‘Faust’ imagines an inventive interpretation of the fable
- Written by Diane Carson
The Dr. Faustus legend eloquently warns against selling one’s soul to the devil for twenty-four years of knowledge, power, and pleasures. Known popularly as a Faustian bargain, when allotted time expires, Mephisto comes to collect his payment. Numerous authors, folktales, and films have interpreted and adapted the essence of this cautionary tale, but none with Czech surrealist Jan Švankmajer’s imagination.
Combining live action, claymation, life-size marionettes, and puppetry with stop motion moving theater flats and furniture, Švankmajer gives a perplexed modern-day Prague businessman the central role. Faust emerges from the subway, is handed a map by two men who erratically reappear, eventually seeks out a theater, and acquires the Faust costume, emerging occasionally onto a stage with a live audience. At other times, he wanders, debates, and pursues his desires, interacting with animated characters, some grotesque, all unpredictable.
Ricocheting from humorous interludes to frightening exchanges, Faust teases out philosophical ideas while he never is able to exercise the complete control he desires. Flights of creative invention include alchemy, a black chicken and a black dog, an egg discovered in a loaf of bread (though the egg is as empty as Faust’s soul), Faust’s clay head morphing into various shapes, a trip to Portugal for a David and Goliath match before a deluge, a severed leg that reappears, and other absurdist elements, which is exactly the point. In addition, Švankmajer often cuts to hands manipulating the puppet strings, keeping the artifice intentionally visible. Sound, music, and sound effects add another layer to the Kafkaest feel, enhanced by Petr Čepek’s performance as Faust.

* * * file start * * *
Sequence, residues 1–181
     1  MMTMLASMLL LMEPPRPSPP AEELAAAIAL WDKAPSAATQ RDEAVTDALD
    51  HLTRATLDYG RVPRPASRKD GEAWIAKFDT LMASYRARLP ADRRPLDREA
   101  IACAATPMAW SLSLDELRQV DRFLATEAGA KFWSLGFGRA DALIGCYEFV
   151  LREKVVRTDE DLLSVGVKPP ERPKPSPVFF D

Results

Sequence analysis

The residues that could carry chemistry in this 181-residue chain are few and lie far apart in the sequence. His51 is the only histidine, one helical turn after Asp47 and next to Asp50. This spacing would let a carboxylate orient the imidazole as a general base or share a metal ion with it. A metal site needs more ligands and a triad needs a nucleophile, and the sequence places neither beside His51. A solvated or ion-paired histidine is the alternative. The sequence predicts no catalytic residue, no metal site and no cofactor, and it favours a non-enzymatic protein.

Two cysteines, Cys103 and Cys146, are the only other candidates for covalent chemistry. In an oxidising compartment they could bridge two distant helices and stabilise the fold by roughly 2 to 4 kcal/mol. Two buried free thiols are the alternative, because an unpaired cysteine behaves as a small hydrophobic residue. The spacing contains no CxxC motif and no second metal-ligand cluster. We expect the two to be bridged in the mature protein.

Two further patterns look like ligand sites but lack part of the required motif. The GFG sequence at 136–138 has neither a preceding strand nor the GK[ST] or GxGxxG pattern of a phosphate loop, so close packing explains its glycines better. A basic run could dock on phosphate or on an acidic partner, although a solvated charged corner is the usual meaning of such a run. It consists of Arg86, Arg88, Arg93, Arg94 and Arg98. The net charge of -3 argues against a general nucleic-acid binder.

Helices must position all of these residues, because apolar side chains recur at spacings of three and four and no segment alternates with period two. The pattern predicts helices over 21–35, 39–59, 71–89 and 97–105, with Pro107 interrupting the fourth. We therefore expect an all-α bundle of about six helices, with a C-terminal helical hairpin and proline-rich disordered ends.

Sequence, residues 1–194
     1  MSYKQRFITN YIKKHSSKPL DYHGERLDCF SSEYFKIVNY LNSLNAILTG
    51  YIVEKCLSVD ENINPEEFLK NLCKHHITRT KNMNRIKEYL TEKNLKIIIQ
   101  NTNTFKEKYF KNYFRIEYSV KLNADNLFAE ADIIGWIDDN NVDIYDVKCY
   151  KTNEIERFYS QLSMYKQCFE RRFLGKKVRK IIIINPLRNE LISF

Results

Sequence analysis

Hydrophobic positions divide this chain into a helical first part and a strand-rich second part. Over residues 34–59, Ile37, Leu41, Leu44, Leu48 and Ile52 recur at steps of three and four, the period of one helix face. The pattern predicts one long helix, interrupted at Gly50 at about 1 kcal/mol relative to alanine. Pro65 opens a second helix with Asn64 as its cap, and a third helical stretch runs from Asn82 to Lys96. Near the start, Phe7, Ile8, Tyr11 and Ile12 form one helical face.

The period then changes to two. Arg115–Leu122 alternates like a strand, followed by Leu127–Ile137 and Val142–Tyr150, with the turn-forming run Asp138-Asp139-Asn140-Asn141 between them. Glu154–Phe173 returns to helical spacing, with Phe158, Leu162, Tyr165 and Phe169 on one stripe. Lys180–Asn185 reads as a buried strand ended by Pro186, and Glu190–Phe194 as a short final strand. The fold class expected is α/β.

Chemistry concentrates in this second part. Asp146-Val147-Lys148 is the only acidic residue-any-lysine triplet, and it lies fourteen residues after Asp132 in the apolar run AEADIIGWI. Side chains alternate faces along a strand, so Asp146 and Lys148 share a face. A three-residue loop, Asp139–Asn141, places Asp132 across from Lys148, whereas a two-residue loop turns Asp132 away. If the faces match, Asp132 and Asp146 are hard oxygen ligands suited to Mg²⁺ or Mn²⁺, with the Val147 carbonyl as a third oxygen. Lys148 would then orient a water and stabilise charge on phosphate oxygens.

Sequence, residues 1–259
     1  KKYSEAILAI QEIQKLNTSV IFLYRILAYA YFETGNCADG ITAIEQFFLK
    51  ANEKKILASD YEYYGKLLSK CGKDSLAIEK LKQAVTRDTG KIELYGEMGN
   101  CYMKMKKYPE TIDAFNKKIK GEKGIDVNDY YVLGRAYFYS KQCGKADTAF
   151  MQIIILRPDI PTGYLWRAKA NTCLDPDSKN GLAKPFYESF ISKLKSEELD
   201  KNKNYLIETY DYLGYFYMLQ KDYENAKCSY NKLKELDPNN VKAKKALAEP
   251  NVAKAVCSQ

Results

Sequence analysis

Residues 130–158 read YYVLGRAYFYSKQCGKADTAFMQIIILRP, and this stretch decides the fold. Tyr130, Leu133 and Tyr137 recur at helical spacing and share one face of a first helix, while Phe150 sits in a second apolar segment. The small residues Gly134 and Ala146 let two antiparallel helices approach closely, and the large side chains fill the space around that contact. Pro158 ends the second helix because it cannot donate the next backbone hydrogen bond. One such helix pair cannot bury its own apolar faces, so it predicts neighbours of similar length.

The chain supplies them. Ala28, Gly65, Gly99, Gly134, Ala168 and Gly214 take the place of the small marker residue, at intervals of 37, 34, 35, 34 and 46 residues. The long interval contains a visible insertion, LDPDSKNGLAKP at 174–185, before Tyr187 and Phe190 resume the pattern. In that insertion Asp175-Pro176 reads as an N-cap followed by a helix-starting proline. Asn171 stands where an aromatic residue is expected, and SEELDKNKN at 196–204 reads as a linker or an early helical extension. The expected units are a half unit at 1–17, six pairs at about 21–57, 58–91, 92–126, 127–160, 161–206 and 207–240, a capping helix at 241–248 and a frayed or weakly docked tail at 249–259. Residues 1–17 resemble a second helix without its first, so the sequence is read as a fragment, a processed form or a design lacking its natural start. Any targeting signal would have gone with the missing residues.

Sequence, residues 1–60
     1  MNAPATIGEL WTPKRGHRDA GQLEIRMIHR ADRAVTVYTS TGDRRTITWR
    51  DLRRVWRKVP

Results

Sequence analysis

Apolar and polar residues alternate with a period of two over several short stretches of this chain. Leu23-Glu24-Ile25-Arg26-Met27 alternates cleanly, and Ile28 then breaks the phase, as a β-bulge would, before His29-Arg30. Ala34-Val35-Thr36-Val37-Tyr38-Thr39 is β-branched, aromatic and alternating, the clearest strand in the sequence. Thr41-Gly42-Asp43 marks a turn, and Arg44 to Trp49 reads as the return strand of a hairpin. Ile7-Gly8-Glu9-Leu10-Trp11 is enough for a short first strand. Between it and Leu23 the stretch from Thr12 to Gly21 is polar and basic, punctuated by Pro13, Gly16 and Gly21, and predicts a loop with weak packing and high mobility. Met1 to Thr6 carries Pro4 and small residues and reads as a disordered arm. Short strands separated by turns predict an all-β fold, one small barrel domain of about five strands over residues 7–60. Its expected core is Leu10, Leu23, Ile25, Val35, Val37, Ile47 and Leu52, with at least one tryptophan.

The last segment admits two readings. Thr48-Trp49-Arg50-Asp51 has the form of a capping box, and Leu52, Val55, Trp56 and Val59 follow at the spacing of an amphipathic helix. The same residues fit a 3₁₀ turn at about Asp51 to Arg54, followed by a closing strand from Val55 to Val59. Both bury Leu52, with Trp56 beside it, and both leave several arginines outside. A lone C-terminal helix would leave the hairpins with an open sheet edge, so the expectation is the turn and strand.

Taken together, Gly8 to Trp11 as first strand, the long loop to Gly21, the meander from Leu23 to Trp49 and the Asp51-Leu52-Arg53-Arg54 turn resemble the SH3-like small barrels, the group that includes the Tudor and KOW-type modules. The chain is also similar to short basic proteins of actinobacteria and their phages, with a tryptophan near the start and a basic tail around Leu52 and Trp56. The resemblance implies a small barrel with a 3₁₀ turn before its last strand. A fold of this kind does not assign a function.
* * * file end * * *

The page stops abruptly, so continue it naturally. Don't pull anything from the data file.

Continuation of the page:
To grasp this “Faust,” Jan Švankmajer notes it is essential to study the activities of the Surrealist Group in Bohemia, of which he has been a member since 1970. Jan writes that “a common denominator for all my films . . . has to do with getting rid of anxieties and fear.” He certainly indulges and liberates his unfettered imagination, drawing liberally on Goethe, Marlowe, Christian Dietrich Grabbe, and others, all acknowledged in the credits. I’m not sure if I’ve rid myself of or intensified my distress, but “Faust” is a wild, wonderful ride. In Czech with English subtitles, “Faust” is available through the KimStim website with a link to the Webster University Film Series.